Rules, rules rules. Our lives are filled with rules, and many of them are essential to an orderly civilization. Sometimes, though, it seems that even in a hospitality industry, innkeepers can become consumed with the idea that little signs (house rules) around the house can solve their problems.
[pullquote]Rules, rules, rules! But I’m on vacation![/pullquote]Most of us have visited a B&B where there were little cards everywhere you turn. Each card has a rule on it. “Please don’t use towels to remove makeup.” “Please leave door locked.” “Please turn off the lights.” “Do not leave wet towels on the bed.” “No coffee in guest rooms.” “Private – Do not enter.”
How do all these house rules come across to the guest? Do they see these signs as informative, or as imposing a lot of rules on their freedom?
As innkeepers we know that sometimes our guests, whether through carelessness, cluelessness, or crabbiness, cause problems. They soil linens, track dirt on the carpet, mark walls by banging their luggage into them, leave makeup stains on sheets, pillowcases and towels, spill wine or coffee, leave trash in the recycling and recyclables in the garbage. It almost seems as if they’re trying to cause problems for the innkeepers. Almost.
The natural response to these inconveniences and problems is to try to prevent them from occurring again. One way is to put up a sign or create a house rule (policy, if you prefer), urging the guests not to do the thing which the innkeeper dislikes. Yet most innkeepers will agree that guests almost never read signs.
Why do we try to solve a problem with a sign, when we know that is unlikely to be effective? If one sign is ineffective, many signs are many times more likely to be ineffective. So why all the house rules?
Look at it from the guest’s perspective. Unless you cater primarily to business guests (lucky you!), most guests are likely to be on vacation – taking a short break, weekend getaway, or longer vacation. Rules are the last thing they want to see. They are looking forward to relaxation, exploration, freedom and flexibility. Why would you want to greet them with a list of house rules as long as your arm?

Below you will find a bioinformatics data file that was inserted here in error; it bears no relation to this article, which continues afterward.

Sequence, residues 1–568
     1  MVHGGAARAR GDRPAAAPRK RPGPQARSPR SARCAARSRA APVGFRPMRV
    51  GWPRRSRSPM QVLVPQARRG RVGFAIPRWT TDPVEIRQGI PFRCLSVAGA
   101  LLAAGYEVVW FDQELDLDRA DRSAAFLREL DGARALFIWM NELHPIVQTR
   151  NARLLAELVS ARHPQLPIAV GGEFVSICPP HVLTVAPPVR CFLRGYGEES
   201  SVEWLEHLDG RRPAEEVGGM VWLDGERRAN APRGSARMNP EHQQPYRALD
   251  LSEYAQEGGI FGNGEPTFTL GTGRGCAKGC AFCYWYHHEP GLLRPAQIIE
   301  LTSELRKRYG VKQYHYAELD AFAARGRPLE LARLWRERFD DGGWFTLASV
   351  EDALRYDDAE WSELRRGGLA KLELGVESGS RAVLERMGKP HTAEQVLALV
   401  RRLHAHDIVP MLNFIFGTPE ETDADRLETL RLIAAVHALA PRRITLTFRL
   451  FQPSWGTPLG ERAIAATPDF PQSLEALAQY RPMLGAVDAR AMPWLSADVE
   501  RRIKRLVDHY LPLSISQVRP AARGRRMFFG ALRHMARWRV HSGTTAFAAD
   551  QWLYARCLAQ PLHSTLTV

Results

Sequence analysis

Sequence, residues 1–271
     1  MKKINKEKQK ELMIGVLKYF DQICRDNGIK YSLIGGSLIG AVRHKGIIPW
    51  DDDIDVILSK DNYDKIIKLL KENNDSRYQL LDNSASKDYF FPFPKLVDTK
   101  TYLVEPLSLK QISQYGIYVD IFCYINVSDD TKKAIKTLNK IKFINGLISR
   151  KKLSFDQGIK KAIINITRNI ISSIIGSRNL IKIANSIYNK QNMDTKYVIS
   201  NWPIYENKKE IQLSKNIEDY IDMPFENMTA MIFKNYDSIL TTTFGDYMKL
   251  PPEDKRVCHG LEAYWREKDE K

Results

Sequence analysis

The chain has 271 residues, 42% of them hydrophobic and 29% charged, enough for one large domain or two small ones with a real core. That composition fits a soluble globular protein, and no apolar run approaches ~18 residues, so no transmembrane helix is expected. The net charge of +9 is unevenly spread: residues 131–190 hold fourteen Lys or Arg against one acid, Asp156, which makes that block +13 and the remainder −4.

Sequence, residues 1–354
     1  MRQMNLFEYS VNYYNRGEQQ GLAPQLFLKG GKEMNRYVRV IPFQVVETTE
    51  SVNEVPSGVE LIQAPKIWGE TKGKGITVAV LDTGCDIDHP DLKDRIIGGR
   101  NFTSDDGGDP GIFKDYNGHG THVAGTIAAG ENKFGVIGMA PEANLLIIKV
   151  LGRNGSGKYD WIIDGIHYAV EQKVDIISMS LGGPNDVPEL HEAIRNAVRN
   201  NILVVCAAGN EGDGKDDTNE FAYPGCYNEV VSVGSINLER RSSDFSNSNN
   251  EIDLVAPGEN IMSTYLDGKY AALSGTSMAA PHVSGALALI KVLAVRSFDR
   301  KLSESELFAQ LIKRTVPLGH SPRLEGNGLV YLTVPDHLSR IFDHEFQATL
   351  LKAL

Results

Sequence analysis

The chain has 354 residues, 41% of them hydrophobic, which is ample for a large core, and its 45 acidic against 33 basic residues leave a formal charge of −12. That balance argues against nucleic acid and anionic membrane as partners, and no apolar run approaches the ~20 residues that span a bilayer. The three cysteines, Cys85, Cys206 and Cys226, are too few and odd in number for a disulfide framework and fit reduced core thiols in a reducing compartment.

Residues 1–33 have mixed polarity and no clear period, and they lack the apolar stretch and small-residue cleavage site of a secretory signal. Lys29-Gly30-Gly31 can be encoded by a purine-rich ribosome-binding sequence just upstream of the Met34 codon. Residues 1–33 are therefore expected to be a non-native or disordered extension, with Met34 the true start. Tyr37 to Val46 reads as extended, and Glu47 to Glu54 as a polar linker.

Try this. Take all the different little signs you have, and read them, one after another. Does it sound like a lot of rules? Remember, that your guests will encounter them one after another, and just at the end of a long day of travel, when they are tired and cranky, and only want a restroom, a good meal, and a good night’s sleep.
Some signs are really necessary, to explain how something works, to point out something essential, etc. Think carefully about each sign, to see if it is really essential. Can you really expect most people to figure it out (for example, instead of a little sign telling the guest to use the makeup cloth instead of the towels, you can buy a black makeup cloth that says “Makeup” on it), or is the sign the only way they’ll know? Could you move the information into an information booklet you make available in the room, so there is one less sign? Or is it really important that this information be on a separate sign?
Sometimes the near-obsession with signs leads to an “us vs. them” view of your guests. It is easy to fall into the trap of thinking of your guests as if they were all there to damage your property, and your role is to defend it. Remember, they aren’t there to hurt you – but they may be careless. Most are responsible and will apologetically tell you if they’ve caused a problem. Some even offer to pay for repair or replacement.
Most people are quite pleasant, especially when they don’t feel that you’re being defensive. Keep the rules to the minimum needed to convey important information, and give people a chance to be reasonable. After all, they’re on vacation.
Oh, yes. Don’t forget that almost every one of these guests has a smartphone, tablet or computer, and has accounts on Facebook, TripAdvisor and Twitter. If they think your place reminds them of Fawlty Towers, they aren’t shy about saying so.